Stockton talks about her childhood, about how she had desired the word “boy” for herself. She said she did not want a boy’s body, she is quite happy with her own, but she desired the concept that the word “boy” comes with, such as “boys play ball,” and “boys kiss girls.” Stockton said she can’t quite figure out if she desired the sign of “boy” because she wanted to kiss girls, or if she desired kissing girls because she felt like a boy and that’s what boys do. Either way, neither “boy” nor “gay” was available to her as a child. She did not know that girls can become boys, or that girls can kiss other girls. She had never seen anyone gay on television, let alone interacting with a live one, until she went to divinity school at age 21.
Thus, Stockton says that gay children are born backwards. Gay children can never say “I am a gay child,” but only “I was a gay child.” Because gay children did not have the word “gay” available to them growing up, they didn’t know how to make sense of themselves, and there was no role-model for them to see. Stockton mentions that this may be changing now, but for her generation, and other countless gay children, this was their reality. It was only after they found the word “gay,” could they now bestow that onto their past selves, giving birth to the gay child they never were by stating—”I was a gay child.” Gay children are also blocked from the sign “gay” by adults, who has a romanticized vision of children as completely nonsexual. To say that gay children exist seems to be saying that children are sexual. Stockton argues against the idea that children are non-sexual with her own childhood memories. Although she did not understand what sex was, she still had an idea of who she is attracted to and who she wants to kiss. In this way, gay children are already interacting with the concept of gay, without having the word available to them. But what Stockton had available to her, and what she was penetrated by, were the strict binary definitions of “boy” and “girl,” which dictate that she cannot kiss girls. These signs put her desires on hold, and estranged her from herself. Stockton says that these forms of estrangement happens to every one of us, and the queer child presents an intensified version of this estrangement.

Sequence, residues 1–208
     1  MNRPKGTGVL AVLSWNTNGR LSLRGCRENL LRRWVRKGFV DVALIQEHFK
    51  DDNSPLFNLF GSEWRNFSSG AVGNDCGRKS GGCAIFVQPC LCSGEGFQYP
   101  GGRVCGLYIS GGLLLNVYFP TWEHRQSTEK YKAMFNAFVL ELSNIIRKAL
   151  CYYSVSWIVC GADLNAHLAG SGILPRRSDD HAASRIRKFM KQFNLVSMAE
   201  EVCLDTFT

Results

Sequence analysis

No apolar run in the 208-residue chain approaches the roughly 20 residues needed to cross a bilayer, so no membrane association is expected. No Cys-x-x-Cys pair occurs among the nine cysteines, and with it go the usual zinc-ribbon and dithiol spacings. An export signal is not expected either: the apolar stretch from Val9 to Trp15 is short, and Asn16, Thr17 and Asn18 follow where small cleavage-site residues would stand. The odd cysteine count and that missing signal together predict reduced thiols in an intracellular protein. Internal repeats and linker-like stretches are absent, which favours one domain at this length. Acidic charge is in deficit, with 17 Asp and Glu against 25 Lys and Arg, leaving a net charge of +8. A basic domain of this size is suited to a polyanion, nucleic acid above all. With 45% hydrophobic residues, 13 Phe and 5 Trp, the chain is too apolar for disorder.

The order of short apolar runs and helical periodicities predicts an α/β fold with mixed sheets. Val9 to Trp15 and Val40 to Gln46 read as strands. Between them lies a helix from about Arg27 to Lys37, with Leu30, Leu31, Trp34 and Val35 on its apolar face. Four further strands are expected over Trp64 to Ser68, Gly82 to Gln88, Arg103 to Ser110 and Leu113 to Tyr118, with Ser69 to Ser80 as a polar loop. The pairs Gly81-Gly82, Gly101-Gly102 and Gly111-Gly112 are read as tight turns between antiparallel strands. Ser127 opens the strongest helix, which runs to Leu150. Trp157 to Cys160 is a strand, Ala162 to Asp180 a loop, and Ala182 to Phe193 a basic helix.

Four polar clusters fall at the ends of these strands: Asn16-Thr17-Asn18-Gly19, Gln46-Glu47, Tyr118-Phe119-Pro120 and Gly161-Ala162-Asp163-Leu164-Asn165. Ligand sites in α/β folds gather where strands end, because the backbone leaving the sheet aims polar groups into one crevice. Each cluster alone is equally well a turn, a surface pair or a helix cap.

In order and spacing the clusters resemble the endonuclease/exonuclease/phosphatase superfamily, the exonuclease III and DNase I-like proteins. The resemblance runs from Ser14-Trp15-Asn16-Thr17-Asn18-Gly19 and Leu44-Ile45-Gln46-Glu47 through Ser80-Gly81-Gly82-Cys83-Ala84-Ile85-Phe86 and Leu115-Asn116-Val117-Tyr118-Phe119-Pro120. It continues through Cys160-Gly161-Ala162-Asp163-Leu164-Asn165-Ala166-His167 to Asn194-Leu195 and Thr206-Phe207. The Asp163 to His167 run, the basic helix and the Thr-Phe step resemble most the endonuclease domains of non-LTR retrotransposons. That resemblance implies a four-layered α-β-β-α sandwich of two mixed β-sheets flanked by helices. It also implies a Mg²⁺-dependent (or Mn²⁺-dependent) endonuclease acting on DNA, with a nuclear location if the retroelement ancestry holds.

Stockton says there is already an erosion of the binary of “men” and “women.” Each sign has expanded and overlapped so that it is impossible to define “men” and “women” as strict opposites. Since words have such a huge impact on us (we have sex with words! Stockton says), we should be careful when we let words penetrate us, so that they do not estrange us from ourselves. We have the agency, and the opportunity to bestow words with new and/or more concepts, so that they better fit and describe our reality.
Junior Vanessa Chen is a contributing writer. Her email is firstname.lastname@example.org.